Yes, we here it all of the time: we spend more per student then any developed country in the world on education. Yet, is school choice really the answer? Why can't we learn what's been proven to work for other developed nations with good education systems - Japan, South Korea, the Scandinavian countries? I think that makes a lot more sense, converting a school system to a methodologies proven to work, rather than try another system we're not sure of whether it may or may not work.

At 2/25/2010 11:51 PM, Anonymous Benny "Tell It LIke It Is Man" Cole said...

I don't mind a film like this, and elements are probably true.

But how about a similarly jaundiced look at USDA or the Department of Defense?

Aside from that, schools are run locally. If you honk about state's rights and local control, what can you say?

It is up to each locality to run schools as they see fit.

But we are all ripped off by federal agencies.

At 2/26/2010 1:32 AM, Anonymous Microsoft Certifications said...

its really very nice and informative article. thanks for sharing this with us...

At 2/26/2010 9:42 AM, Anonymous Anonymous said...

I'm so comforted to see most of the clips are from my home state of NJ. Camden and Newark are esp a mess, in and out of State takeovers, spending like crazy etc and the kids are intellectual zombies. Make no mistake, this is the black mafia at work. same in DC. highest per student in the country, whale shit performance.
The next civil war won't be between geographies as much as between those on the dole (that includes most teachers) and those not but who pay through the nose.
This is a friggin' racket between politicians and educators (loosely speaking). They try all sorts of new techniques but scores go down. Those to blame also include the parents whose kids are so ill served. But they are either drunk, drugged, dead, incarcerated, or whatever. AND, they don't pay any taxes anyway. so who's really getting screwed here? The kids who don't know any better and the taxpayers who keep this mess afloat.
Privatize the whole lot! Make a teaching institution earn its existence and if they do it well let them get rich rather than the slugs that inhabit America's teaching class.
Yes, this post is intended to be mean spirited, incendiary, a bit overstated and a slur. But its true.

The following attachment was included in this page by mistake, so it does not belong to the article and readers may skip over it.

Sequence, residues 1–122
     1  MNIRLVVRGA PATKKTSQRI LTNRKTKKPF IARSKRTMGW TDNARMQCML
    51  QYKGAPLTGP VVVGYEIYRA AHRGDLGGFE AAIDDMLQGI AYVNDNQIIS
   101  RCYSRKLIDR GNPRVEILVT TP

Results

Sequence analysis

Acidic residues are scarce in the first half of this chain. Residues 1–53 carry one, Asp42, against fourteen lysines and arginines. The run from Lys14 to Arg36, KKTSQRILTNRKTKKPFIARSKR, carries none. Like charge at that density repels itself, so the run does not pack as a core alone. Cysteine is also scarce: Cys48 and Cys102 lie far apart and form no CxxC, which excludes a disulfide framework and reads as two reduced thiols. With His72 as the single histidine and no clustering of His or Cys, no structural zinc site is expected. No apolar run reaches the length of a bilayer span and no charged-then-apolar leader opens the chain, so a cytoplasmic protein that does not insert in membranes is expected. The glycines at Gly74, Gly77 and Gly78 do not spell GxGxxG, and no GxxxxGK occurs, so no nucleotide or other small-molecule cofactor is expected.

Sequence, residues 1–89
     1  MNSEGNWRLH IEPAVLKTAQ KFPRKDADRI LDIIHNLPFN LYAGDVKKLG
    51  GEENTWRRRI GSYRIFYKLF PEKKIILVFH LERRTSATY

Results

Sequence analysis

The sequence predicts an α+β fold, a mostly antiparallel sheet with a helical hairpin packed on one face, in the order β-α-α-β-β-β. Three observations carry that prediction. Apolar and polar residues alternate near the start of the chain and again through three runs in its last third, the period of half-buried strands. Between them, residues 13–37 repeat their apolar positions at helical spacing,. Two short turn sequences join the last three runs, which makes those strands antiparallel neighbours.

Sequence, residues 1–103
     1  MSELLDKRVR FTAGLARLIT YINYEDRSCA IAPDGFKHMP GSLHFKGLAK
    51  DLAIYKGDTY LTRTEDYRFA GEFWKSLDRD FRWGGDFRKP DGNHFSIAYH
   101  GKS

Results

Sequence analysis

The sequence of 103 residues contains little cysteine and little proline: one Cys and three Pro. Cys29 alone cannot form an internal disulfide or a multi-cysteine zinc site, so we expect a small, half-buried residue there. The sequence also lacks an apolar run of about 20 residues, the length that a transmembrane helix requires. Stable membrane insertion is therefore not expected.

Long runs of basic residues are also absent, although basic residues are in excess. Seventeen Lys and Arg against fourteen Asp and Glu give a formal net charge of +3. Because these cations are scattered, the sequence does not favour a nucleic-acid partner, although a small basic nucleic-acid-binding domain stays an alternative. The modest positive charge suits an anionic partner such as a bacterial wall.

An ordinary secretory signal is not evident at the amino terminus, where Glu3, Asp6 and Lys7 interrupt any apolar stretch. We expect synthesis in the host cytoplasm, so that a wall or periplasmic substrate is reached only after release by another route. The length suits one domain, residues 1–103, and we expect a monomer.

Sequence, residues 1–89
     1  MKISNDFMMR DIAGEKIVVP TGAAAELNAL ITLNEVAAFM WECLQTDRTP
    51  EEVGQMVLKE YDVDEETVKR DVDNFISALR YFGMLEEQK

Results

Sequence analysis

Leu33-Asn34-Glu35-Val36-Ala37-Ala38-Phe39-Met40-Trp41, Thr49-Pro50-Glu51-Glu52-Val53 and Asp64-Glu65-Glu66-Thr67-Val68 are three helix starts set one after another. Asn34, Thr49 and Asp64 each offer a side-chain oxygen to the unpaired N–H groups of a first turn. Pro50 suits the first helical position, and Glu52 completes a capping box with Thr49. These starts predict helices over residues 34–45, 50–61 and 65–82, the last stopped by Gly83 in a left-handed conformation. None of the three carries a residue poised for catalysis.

At 2/26/2010 9:43 AM, Anonymous Anonymous said...

I'm for whatever can unleash the private sector on education. We've seen both sides of education with our children -- public and private -- and the private schools produce an incredible student, hands-down.

It slays me that we don't get a credit for our child going to private school. We reduce the burden on the public school system, yet are forced to pay 100% of our tuition.

At 2/26/2010 11:03 AM, Anonymous Anonymous said...

The public school system has become a (highly lucrative) JOBS PROGRAM for the otherwise unemployable.

Home school. Private school. Parochial school. Charter school. No school. ANYTHING but public school.

(And, yes: I have put my money where my mouth is...)

At 2/26/2010 6:35 PM, Blogger OA said...

Microsoft Certifications said...

When I saw this, I couldn't help but think of the Terminator movies and Skynet becoming self aware.

At 2/28/2010 5:22 PM, Anonymous Anonymous said...

"I'm for whatever can unleash the private sector on education. We've seen both sides of education with our children -- public and private -- and the private schools produce an incredible student, hands-down."

Public education works fine in Japan, Sweden and South Korea. They're obviously doing something right that we're not; let's learn from their proven methods rather then try an experiment that may, nor may not work out.

At 3/31/2010 12:20 PM, Blogger Henry said...

I'm late to this topic, but Anon should do a bit more homework before making claims about other countries. First, the link:

Now, the quote:
"In the Netherlands, nearly 76 percent of school-age children attend private schools with state money going to the chosen school. Sweden and Denmark also have liberal school choice policies with school funding following children whose parents choose private schools. In all three countries, student performance is higher than in the United States, where 15-year-olds scored twenty-first on mathematics literacy and twelfth in science, according to international performance audits."

And what about Japan? Link:

Quote: "In many countries, parents have a choice of public schools. Not Japan. Here, you get just one choice: Send your child to the closest public school, or pay a lot of money for private school. But this is changing. School choice is coming to Japan."

It's not nation-wide, based on the article (which is eight years old), but it's more than we have in the U.S.